The Time Traveler sits across from his copy of Game Theory’s Paisley Underground power pop classic, Real Nighttime. The latter is one of several albums of note that arrived for the Traveler at Goodwill soon after his entry into the narrative. Music journalist Byron Coley called it “the actual godhead pop LP o’ the American Eighties. No shit. This is it.” Record producer Mitch Easter mixed the album at the Drive-In, two doors down from the House on Shady Blvd. “Was this record produced for me?” wonders the Traveler, eerie feeling running up and down his spine as he reads the text on the back of the LP: liner notes by band member Scott Miller. The Wikipedia entry for the album points the Traveler to a rather remarkable “annotated edition” produced by someone at the University of Wisconsin-Milwaukee in the 1990s. Modeled after the playfulness of Joyce’s Finnegans Wake, Miller’s text feels dreamlike and oracular. Transpersonal energies stir as one reads.
There’s a parking, a journeying outward. Up and out we launch past West End Mill Works, off on tonight’s adventure, beginning with an evening stroll. Graffiti marks the spot. Stream to one side of us, water rushing over rocks. Spotify shifts from Steely Dan’s “King of the World” to Jan Hammer Group’s “Don’t You Know,” voices and cars in the distance. Looking both ways, we cross the street and rush down onto a shaded path through a nearby park, crickets singing in parallax with Neil Young’s “Computer Age.” We turn off the song and continue for a moment in silence. Upon arrival to a crossroads, we ask of each other (like Ginsberg to Whitman in Ginsberg’s “A Supermarket in California”), “Which way now?” Looking up, we rise and step proudly toward pink clouds. Conversation turns toward Old & Used Books as we pass a graffiti-clad muffler shop. Bulldog with paintbrush arrives as comic relief — reality for a moment a goofy animal fable whodunit. We grab beers as day turns to night. Ginsberg’s “lights out” reverberates, hangs in the air after us having heard earlier in the day Let’s Active’s “Orpheus in Hades’ Lounge,” featuring hometown hero Mitch Easter.
Can Orpheus be told anew? We recall to each other the character’s many forms. Jean Cocteau’s Orpheus (1950), Marcel Camus’s Black Orpheus (1959). Also Jean-Paul Sartre’s essay of that name. And let us not forget Samuel R. Delany’s Lo Lobey, the Orphic protagonist at the heart of Delany’s 1967 novel The Einstein Intersection. Hoots is a Hades’ Lounge, is it not, with its red light hanging above its corner booth? So we think as we drink, glorying finally in each other’s presence. “What would happen if our Time Traveler were to stage the scene again?” wonders the Narrator, listening alone now, seated at the same booth many months hence. With “King of the World” still fresh in our ears, members of Steely Dan singing, “No marigolds in the promised land; there’s a hole in the ground where they used to grow,” we restate the refrain of Jan Hammer Group’s “Don’t You Know.” Amid Orpheus wailing away on his flute come the words, “You’re to know that I love you. You’re to know that I care.”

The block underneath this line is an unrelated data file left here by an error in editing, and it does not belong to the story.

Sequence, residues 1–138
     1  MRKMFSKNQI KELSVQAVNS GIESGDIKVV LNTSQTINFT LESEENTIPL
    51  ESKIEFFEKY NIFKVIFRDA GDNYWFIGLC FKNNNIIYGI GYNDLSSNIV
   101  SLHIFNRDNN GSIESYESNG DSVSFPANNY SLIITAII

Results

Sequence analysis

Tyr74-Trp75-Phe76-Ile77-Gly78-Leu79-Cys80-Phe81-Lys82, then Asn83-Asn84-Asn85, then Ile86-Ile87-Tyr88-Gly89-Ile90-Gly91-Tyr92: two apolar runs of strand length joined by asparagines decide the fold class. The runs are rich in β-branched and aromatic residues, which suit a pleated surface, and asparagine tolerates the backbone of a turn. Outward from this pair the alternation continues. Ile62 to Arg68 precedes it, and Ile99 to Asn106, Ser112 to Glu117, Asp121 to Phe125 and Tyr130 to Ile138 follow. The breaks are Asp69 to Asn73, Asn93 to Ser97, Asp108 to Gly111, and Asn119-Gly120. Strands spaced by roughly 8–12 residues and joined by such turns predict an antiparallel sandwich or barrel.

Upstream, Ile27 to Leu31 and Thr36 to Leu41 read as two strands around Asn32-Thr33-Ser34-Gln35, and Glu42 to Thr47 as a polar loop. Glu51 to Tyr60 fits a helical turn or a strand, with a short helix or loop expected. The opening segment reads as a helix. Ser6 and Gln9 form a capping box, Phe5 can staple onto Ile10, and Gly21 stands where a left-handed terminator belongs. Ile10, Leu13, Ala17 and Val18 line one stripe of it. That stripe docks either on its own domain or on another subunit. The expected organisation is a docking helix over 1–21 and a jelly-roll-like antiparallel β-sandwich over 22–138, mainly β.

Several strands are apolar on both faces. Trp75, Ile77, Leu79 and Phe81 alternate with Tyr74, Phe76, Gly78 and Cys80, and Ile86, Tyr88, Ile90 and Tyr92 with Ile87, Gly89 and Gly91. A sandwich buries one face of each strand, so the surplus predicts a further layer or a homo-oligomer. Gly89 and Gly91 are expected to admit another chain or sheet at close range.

I admire a small stone and a pair of clam shells: mementos from last weekend’s party on the beach. In thinking about bathing the stone in salt water, an occult practice suggested in Aidan Wachter’s book Weaving Fate, I’m reminded of Devin Johnston’s Precipitations: Contemporary American Poetry as Occult Practice (Wesleyan University Press, 2002), a book I read last fall. Although most of Devin’s books are collections of poetry, the above book is a work of criticism — as were the books on Irish poetry published by Devin’s father Dillon Johnston, who Devin thanks in the above book’s acknowledgements.
I introduce each figure here, as each plays a part in my tale.
Dillon taught in my department, his time overlapping that of his more famous colleague, the poet, memoirist, and civil rights activist Maya Angelou. Dillon is the one who founded the press here at my university. His name now graces our reading series.
And oddly enough, Dillon lived for a time here on Shady Blvd, this street about which I’ve been writing — his home Mitch Easter’s home, two doors down from my own. He settled there in the wake of a divorce, and stayed there for several years.